3. Without Kerry Hyder and Brandon Copeland, the other defensive ends will get more reps. Jeremiah Valoaga had a good game against the Colts. Can he keep it up? Don’t forget to keep an eye on veteran Cornelius Washington (he practiced this week so may play Saturday) and also undrafted rookie Alex Barrett who has had a good training camp. Barrett was on the Lions’ radar on draft weekend but they passed as did the other 31 NFL teams. “Obviously, our scouts had seen him earlier and he had just a number of the traits that we were looking for. He’s very, very active. He’s got power, got speed, he’s got a variety of moves and he’s one of those guys that you knew was going to help you,’’ Caldwell said. “So, we tried to do as good a job as we possibly could making certain he knew we were interested, and were fortunate to get him.”

4. Greg Robinson proved that GM Bob Quinn knew what he was doing when he signed the veteran just after discovering Taylor Decker will miss the early part of the season after shoulder surgery. Robinson, who was the second overall pick by the Rams in the 2014 draft, has a little something to prove. He’s never lived up to his billing but sometimes a change of scenery can extend a career. Will be interesting to see if he can build on what he did against the Colts. He said the coaches graded him hard but he was not complaining he knows he has work to do. (If it seems like there are plenty of Robinsons on the Lions’ roster, you are correct. Along with Greg, there’s defensive tackle A’Shawn Robinson and tackle Corey Robinson. Together they weigh 966 pounds — that is indeed a lot of Robinson.)

5. Ameer Abdullah was so happy to get back on the field after missing the last 14 games of 2016. He wants more playing time this week. He needs to get hit a bit to get back in the flow. It’s a fine line though. A healthy Abdullah for 16 weeks could make a huge difference in the offense.

Lions rookie Kenny Golladay earns time with starters after first game

Third-round pick continues to show he belongs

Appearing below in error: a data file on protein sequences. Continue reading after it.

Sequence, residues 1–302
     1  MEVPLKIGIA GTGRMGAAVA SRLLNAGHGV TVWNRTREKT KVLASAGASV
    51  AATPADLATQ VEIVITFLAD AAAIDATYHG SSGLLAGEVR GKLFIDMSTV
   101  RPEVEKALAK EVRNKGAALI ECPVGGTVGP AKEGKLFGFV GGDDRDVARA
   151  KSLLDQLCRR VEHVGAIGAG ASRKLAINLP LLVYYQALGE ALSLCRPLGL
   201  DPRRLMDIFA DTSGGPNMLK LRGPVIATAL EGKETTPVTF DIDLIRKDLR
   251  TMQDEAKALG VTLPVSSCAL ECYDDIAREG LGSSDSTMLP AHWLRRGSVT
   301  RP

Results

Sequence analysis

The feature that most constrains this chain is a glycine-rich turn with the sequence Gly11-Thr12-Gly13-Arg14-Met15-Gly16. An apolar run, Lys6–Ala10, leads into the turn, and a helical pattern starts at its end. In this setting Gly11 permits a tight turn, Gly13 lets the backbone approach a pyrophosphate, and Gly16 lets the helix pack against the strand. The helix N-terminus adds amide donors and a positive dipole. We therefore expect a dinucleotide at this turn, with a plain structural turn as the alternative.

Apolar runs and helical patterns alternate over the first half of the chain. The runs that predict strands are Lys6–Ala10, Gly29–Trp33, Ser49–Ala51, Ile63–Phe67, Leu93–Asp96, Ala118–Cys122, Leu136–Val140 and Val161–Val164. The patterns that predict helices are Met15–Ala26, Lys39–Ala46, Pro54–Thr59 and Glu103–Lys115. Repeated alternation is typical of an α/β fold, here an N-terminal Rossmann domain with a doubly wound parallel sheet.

ALLEN PARK >> Kenny Golladay’s  solid showing in his first preseason game, Sunday’s win at Indianapolis, has bumped him up on the depth chart.

At Wednesday’s practice the rookie wide receiver was lined up with starters Golden Tate and Marvin Jones. At the game, TJ Jones started with the two veterans.

Coach Jim Caldwell, always cautious to praise rookies too much, explained the move.

“He’s one of those guys that we’re just trying to make certain that we give him a bit of experience in a little bit of everything to kind of see where he fits,’’ Caldwell said.

“We have an idea, but you really don’t know until you give him a chance to really delve into one spot or the other. So, we’re trying to cross-train him a little bit, but he has the speed and has the length and those kinds of things you look for, for good matchups on the outside,’’ the coach added.

He’d like all wide receivers to be able to play at every spot. With some of them that is just not possible.

“Often times you may find a guy that only fits a particular role, but the more flexible you are, the better. And particularly in our system, because we line up guys in all different types of spots,’’ Caldwell explained. “Even in their normal position you still have to line up in various positions, so you have to know all of the route combinations and those kinds of things.

“But, we’d love to be able to move guys around, it makes them a little bit tougher to double cover. Makes them a little bit tougher to plan on in terms of where they’re going to be. Gives us a lot more flexibility that way,’’ Caldwell added.

Golladay, the third-round draft pick out of Northern Illinois, has earned “darling of the week” status around the NFL.

Against the Colts, he had three receptions for 53 yards.  Two of them were for touchdowns — both from Jake Rudock.

He’s a lock to make the Lions’ 53-man roster behind Tate and Marvin Jones. Others in the conversation for the competition for the other one or two wide receiver spots are TJ Jones, Jared Abbrederis, Jace Billingsley and Keshawn Martin.

Lions Jim Caldwell, Ameer Abdullah discuss Charlottesville race issues

Caldwell thinks the world can learn from the diversity in sports

ALLEN PARK >> Ameer Abdullah had a few things to get off his mind about the racial issues surrounding Charlottesville, Va.